Back inside I dried off, closed the windows where the rain was pouring sideways into the house, and watched more of the show. The sheets of rain under the streetlight, swirling back and forth, were very satisfying. But there's a limit to how long I can stay up in the dark house, so I went to bed and fell asleep to the sound of the downpour and the last grumbles of the thunder.

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fall regrets

Our maple tree gets color late in the fall; late and underwhelming. (Why couldn't the previous owners have put in a sugar maple in the middle of the lawn instead of a Norway maple?) As I look out the window now, though, it's browning leaves are colored orange by the rising sun and it looks as good as it's ever going to. Properly fall-like.

The waning days of the fall make me think of the failures of this past summer, yard-wise. One, we didn't use the hammock nearly as much as we should have. I always want to make sure it's put away when it's going to be wet out, and too often I was late putting it up again so fine days went by without anyone being able to use it. Worse, towards the second half of the summer I "temporarily" took apart the hammock stand to mow the lawn... and it never got put back together. Tragedy!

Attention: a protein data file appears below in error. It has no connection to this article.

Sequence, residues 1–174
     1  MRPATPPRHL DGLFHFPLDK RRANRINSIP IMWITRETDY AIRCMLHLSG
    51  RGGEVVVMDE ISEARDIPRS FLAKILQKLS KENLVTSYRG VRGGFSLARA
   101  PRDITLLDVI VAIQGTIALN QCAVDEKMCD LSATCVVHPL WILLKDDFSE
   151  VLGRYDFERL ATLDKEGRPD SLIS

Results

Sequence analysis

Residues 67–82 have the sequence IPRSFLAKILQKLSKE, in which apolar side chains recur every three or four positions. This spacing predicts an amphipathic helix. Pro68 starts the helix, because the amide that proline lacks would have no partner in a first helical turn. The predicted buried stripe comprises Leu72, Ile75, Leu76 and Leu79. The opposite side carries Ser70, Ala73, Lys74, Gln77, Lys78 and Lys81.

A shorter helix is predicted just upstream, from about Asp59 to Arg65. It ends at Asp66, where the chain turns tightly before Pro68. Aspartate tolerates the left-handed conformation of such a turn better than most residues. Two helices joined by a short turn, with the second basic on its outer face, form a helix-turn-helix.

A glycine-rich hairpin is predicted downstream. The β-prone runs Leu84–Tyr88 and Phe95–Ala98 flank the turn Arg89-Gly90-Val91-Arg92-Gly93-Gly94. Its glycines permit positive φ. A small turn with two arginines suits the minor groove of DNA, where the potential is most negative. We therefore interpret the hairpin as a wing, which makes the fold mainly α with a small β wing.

And speaking of mowing. Remember how last year I talked big about using the push reel mower all summer? Well, in the fall I got a working power mower so I could chop up leaves, then in the spring I thought I'd use it for the first pass over the fast-growing grass. That was it, the push mower never made it out of the shed all summer. The good news is the lawn is still in good shape—delightfully green. I was telling a friend the other day, "it's mostly weeds, but they're all perennial weeds so they hold their color!" But I did feel pretty guilty every time I started up that gasoline engine. Using a power mower is habit-forming, I think; you get used to those straight, even rows of cut grass and it's hard to go back to the more naturalistic effect produced by the push reel mower.